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School of Engineering Officially Dedicates LEEP2, Structural Testing and Student Projects Facility

Wednesday, November 11, 2015

The University of Kansas School of Engineering officially opened doors on more than 135,000 square feet of world-class research, classroom and student collaboration space at the dedication ceremony for Learned Engineering Expansion Phase 2 (LEEP2) on Oct. 30, 2015.

The facility seamlessly integrates with Learned Hall, Spahr Library and the Measurement, Materials and Sustainable Environment Center. It features six active-learning classrooms, teaching and research labs, a remodeled library, a café and numerous new collaboration and study spaces. LEEP2 also houses the ExxonMobil Student Success Suite, which includes academic services, recruitment and retention operations, and offices for minority programs and women’s programs. LEEP2 is also home to the Engineering Career Center.

“This project is a real testament to what can happen when our university collaborates with people outside the bounds of our campus,” KU Chancellor Bernadette Gray-Little said to the crowd of students, alumni, faculty, business leaders and donors gathered in the McClendon Atrium for the dedication ceremony. “By working together, we have been able to create this beautiful new space where our students can take advantage of state-of-the-art technology, and work in teams to address grand challenges.”

The Kansas Board of Regents made the project possible by passing the University Engineering Initiative Act of 2011. This act called for state universities in Kansas to bolster their engineering departments and increase the number of students graduating with engineering degrees. Dean of the School of Engineering Michael Branicky said the legislation has been extremely beneficial to KU and the state of Kansas.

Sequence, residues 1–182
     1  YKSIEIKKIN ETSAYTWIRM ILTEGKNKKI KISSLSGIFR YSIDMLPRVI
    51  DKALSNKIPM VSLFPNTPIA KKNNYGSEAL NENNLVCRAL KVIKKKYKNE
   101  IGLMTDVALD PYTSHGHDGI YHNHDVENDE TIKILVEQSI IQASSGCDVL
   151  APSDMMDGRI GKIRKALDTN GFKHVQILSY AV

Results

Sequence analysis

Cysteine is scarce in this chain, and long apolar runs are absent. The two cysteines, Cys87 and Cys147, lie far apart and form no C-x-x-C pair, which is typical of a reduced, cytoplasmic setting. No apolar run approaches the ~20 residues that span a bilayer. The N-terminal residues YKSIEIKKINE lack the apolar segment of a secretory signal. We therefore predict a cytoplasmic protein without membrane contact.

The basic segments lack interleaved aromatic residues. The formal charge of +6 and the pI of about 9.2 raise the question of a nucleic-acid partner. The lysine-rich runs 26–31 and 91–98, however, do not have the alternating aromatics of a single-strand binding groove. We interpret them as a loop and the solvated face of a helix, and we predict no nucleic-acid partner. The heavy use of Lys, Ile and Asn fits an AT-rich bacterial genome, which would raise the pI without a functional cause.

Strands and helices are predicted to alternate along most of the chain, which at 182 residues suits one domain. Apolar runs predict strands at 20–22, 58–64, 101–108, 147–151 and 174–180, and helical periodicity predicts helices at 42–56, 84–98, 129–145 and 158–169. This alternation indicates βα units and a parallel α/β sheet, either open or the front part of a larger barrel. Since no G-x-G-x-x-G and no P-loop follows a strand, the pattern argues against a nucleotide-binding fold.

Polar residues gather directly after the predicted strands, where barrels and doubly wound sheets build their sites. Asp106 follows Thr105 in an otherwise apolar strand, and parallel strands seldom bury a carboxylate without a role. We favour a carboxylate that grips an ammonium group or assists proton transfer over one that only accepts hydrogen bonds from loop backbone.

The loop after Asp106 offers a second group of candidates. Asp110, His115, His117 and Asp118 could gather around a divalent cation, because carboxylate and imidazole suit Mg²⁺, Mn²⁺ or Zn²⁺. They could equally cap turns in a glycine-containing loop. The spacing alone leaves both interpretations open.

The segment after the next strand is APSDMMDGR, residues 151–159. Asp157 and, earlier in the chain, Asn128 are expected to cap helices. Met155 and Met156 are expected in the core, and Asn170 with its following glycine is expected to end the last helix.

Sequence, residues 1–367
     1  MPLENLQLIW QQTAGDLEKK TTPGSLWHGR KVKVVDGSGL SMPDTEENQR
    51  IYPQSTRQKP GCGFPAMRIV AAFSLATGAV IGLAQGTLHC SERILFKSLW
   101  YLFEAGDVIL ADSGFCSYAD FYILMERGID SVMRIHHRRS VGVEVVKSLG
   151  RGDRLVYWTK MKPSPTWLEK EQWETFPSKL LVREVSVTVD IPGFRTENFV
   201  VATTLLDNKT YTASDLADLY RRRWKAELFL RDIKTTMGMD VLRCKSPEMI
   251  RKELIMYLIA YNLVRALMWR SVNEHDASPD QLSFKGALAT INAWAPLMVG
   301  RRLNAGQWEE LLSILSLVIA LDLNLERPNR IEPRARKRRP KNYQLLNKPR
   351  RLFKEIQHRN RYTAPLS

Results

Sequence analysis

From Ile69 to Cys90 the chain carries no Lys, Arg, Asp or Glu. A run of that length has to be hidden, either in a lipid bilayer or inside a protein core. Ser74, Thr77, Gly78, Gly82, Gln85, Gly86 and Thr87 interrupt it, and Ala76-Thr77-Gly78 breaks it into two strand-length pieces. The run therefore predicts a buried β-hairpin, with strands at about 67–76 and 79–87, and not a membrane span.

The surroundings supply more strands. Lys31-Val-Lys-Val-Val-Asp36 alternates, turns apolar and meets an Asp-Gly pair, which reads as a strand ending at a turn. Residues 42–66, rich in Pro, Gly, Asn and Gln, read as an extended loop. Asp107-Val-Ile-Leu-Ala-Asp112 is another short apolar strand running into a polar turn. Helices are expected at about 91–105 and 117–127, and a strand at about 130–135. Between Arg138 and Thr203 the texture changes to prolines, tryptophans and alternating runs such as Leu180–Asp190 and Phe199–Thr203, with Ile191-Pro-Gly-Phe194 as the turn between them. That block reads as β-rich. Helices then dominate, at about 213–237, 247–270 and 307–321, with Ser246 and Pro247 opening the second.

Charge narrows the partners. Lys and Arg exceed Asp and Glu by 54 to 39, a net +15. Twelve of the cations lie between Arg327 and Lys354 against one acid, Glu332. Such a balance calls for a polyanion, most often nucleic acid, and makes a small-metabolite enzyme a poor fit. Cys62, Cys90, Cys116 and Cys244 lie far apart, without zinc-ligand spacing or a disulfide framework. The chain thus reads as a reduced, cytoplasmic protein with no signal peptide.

“The passage of the University Engineering Initiative Act four years ago created the opportunities that have led us to where we are today,” Branicky said. “We are opening doors for new opportunities for our students and faculty, and on a broader scale, opening doors for engineering and computing throughout Kansas. The more quality graduates that KU Engineering produces, the more it helps Kansas companies – and that’s a direct benefit to the entire state.”

In addition to what the building will do for KU and the state of Kansas, it represents new opportunities for students.

“We are celebrating much more than a place of learning. For us, this is the place we call home during our years at KU,” said Katlyn Meggers, Engineering Student Council President and a junior in chemical engineering. “These buildings are a place where we spend late nights cheering on the Jayhawks and the Royals, socialize over late night pizza runs, and race chairs through the hallways. They are a place where we can create friendships and memories that last a lifetime."

LEEP2 features several spaces and enhancements made possible by individual and corporate donors.

  • The LEEP2 Atrium is named the McClendon Atrium thanks to the generosity of Brian and Beth Ellyn McClendon. Brian McClendon is a 1986 KU electrical engineering graduate, co-creator of Google Earth and 2015 inductee to the National Academy of Engineering.
  • The employee-owners of Burns & McDonnell funded the Burns & McDonnell Student Lounge.
  • The ExxonMobil Student Success Suite is named in recognition of the ExxonMobil Foundation and ExxonMobil employees and retirees in the Jayhawk family.
  • The Koch Unit Operations Laboratory was made possible by 1969 chemical engineering graduate Kyle Vann, retired CEO of Entergy-Koch and Koch-Glitsch.
  • Textron Aviation made the Textron Aviation Aerospace Engineering Design Laboratory possible.

As part of the expansion project, the new Structural Testing and Student Projects Facility on KU’s West District houses dedicated student, faculty and graduate research space as well as a 40-foot high strong wall. This world-class structure allows students to perform real-life structural tests rather than scaling them for smaller labs. The facility also includes dedicated space for senior design labs, student groups and clubs. Mechanical engineering seniors have been the first groups to use the new facility on west campus.



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